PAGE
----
Power/Performance Bits: Jan. 5

Quiet qubits; printing sensors on skin.


Quiet qubits
Researchers at the University of New South Wales Sydney recorded the lowest noise levels yet for a semiconductor qubit. Charge noise caused by material imperfections interferes with the information encoded on qubits, reducing accuracy.

“The level of charge noise in semiconductor qubits has been a critical obstacle to achieving the accuracy levels we need for large-scale error-corrected quantum computers,” said Ludwik Kranz, a PhD student at UNSW’s Centre for Quantum Computation and Communication Technology (CQC2T) working with the Centre’s spin off company Silicon Quantum Computing (SQC).

“Our research has demonstrated that we can reduce charge noise to a significantly low level, minimizing the impact it has on our qubits,” says Kranz. “By optimizing the fabrication process of the silicon chip, we achieved a noise level 10 times lower than previously recorded. This is the lowest recorded charge noise of any semiconductor qubit.”

The team found that the presence of defects either within the silicon chip or at the interface to the surface were significant contributors to the charge noise. “This was a surprise, as we have spent a lot of time optimizing the quality of our silicon chip but this showed that even a few impurities nearby can affect the noise,” said Kranz.

To reduce noise, the researchers further reduced impurities in the silicon chip and positioned the atoms away from the surface and interfaces where most of the noise originates. “Our results continue to show that silicon is a terrific material to host qubits. With our ability to engineer every aspect of the qubit environment, we are systematically proving that atom qubits in silicon are reproducible, fast and stable,” said Prof. Michelle Simmons, Director CQC2T.

Another aspect impacting noise is the length of computation. “From the noise spectrum we measured, we know that the longer the computation — the more noise affects our system,” said Dr Sam Gorman of CQC2T. “This has major implications for the design of future devices, with quantum operations needing to be completed in exceptionally short time frames so that the charge noise doesn’t become worse over time, adding errors to the computation.”

In tests, the team was able to read out qubits in 1 microsecond. “This research combined with our lowest charge noise results shows that it is possible to achieve a 99.99% fidelity in atom qubits in silicon,” said Prof. Simmons, who is also the founder of SQC. “Our team is now working towards delivering all of these key results on a single device — fast, stable, high fidelity and with long coherence times — moving a major step closer to a full-scale quantum processor in silicon.”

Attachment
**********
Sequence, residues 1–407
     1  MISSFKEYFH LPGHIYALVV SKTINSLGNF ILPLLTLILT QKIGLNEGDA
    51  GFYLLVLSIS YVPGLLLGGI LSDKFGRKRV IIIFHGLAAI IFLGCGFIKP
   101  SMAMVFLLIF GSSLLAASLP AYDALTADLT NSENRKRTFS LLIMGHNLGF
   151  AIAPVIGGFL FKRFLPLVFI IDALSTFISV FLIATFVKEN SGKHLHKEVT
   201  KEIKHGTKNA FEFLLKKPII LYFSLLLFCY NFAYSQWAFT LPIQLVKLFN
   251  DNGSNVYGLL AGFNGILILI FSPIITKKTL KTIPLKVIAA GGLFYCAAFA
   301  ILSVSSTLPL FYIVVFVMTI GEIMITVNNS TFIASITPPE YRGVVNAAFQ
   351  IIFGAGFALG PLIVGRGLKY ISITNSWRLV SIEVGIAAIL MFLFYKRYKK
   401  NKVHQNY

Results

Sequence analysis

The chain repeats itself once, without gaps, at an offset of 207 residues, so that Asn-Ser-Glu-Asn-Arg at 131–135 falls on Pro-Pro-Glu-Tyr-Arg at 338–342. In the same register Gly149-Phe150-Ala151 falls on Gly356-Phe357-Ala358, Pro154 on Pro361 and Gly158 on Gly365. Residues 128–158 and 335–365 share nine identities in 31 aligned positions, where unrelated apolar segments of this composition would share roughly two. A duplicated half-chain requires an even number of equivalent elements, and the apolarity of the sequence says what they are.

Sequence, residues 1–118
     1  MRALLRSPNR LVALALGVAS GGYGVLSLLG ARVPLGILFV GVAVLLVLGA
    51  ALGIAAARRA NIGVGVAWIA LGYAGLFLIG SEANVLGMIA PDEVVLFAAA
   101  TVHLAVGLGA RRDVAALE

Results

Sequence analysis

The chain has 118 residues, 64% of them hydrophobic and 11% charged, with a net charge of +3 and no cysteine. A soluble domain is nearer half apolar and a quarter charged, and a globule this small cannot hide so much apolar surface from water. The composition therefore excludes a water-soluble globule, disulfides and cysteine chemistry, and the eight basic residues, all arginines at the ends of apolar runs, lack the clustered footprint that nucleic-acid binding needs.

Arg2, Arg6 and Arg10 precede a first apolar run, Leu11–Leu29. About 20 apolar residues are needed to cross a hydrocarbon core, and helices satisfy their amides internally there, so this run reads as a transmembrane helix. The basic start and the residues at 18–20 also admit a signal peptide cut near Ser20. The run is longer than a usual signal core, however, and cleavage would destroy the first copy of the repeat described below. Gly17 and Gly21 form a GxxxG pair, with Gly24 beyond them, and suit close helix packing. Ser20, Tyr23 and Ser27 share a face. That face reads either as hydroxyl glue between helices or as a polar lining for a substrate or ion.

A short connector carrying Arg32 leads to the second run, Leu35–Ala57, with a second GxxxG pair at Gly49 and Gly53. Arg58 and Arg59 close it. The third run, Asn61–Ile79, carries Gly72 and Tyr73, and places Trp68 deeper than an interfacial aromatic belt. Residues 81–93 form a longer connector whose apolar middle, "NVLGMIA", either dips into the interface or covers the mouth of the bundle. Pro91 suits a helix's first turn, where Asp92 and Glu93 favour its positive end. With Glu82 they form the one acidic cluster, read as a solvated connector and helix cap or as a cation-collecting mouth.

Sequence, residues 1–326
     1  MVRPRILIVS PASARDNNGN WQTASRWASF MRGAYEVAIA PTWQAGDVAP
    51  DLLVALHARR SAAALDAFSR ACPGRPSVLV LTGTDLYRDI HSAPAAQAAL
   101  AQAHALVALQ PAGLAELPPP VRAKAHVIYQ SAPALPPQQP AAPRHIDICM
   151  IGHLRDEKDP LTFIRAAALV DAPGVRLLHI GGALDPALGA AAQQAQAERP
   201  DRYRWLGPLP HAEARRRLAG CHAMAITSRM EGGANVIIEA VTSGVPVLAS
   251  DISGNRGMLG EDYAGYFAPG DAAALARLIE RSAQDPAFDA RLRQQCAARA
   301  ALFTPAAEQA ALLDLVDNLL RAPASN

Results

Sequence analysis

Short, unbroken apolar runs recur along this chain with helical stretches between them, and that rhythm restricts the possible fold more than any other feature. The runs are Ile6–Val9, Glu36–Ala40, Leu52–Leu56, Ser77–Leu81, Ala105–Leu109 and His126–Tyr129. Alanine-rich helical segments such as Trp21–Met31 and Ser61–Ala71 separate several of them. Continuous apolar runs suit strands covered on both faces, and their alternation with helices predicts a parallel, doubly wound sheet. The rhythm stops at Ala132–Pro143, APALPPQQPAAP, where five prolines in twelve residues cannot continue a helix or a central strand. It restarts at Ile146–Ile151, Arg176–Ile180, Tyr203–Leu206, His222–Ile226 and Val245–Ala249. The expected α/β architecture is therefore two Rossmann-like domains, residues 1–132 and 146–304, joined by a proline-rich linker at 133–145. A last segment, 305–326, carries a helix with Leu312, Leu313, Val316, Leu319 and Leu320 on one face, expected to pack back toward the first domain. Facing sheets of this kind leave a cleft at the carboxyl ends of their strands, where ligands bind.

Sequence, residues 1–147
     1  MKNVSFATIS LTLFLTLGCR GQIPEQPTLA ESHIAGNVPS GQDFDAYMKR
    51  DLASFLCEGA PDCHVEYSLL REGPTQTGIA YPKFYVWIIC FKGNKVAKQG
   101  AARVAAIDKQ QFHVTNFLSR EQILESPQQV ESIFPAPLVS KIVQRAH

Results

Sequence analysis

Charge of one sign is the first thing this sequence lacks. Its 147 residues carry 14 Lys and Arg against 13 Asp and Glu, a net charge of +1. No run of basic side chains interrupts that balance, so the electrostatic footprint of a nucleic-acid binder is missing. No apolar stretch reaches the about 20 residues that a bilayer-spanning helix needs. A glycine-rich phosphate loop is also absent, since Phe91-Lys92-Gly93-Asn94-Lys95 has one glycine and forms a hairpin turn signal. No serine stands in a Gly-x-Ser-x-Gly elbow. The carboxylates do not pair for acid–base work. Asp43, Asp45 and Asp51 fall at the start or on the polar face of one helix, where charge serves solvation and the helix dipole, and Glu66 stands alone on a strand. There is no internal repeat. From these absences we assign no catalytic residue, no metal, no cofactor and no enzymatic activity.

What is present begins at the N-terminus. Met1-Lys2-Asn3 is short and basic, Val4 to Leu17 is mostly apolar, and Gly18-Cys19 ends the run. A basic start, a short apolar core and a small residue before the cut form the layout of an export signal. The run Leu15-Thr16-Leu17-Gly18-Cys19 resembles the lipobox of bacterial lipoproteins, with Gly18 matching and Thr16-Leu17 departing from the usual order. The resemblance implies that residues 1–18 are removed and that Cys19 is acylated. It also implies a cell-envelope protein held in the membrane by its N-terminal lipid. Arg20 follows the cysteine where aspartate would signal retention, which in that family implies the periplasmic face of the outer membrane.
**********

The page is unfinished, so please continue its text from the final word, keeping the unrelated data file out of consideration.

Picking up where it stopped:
SQC’s goal is to demonstrate the capability required to reliably produce a 10-qubit prototype quantum integrated processor by 2023.

Printing sensors on skin
Researchers from the Harbin Institute of Technology, Beijing Institute of Technology, and Pennsylvania State University created wearable sensors that can be directly printed on human skin without heat.

A challenge in printing electronics directly on skin is the bonding process for the sensor’s metallic components: this sintering process usually requires temperatures of around 572 degrees Fahrenheit (300 degrees Celsius) to bond the sensor’s silver nanoparticles together.

“The skin surface cannot withstand such a high temperature, obviously,” said Huanyu “Larry” Cheng, a professor in the Penn State Department of Engineering Science and Mechanics. “To get around this limitation, we proposed a sintering aid layer — something that would not hurt the skin and could help the material sinter together at a lower temperature.”

The team was able to lower the temperature to about 212 F (100 C) with the aid of an additional nanoparticle. “That can be used to print sensors on clothing and paper, which is useful, but it’s still higher than we can stand at skin temperature,” Cheng said, who noted that about 104 F (40 C) could still burn skin tissue. “We changed the formula of the aid layer, changed the printing material and found that we could sinter at room temperature.”

With a novel layer to help the metallic components of the sensor bond, an international team of researchers printed sensors directly on human skin. (Credit: Ling Zhang, Penn State/Cheng Lab and Harbin Institute of Technology)

The room temperature sintering aid layer consists of polyvinyl alcohol paste (used in peelable face masks) and calcium carbonate. The layer reduces printing surface roughness and allows for an ultrathin layer of metal patterns that can bend and fold while maintaining electromechanical capabilities. When the sensor is printed, the researchers use an air blower, such as a hair dryer set on cool, to remove the water that is used as a solvent in the ink.  “The outcome is profound,” Cheng said. “We don’t need to rely on heat to sinter.”

According to Cheng, the sensors are capable of precisely and continuously capturing temperature, humidity, blood oxygen levels and heart performance signals. The researchers also linked the on-body sensors into a network with wireless transmission capabilities to monitor the combination of signals as they progress.

The sensor can remain in tepid water for a few days or be removed with hot water. “It could be recycled, since removal doesn’t damage the device,” Cheng said. “And, importantly, removal doesn’t damage the skin, either. That’s especially important for people with sensitive skin, like the elderly and babies. The device can be useful without being an extra burden to the person using it or to the environment.”

The researchers plan to alter the technology to target specific applications as needed.

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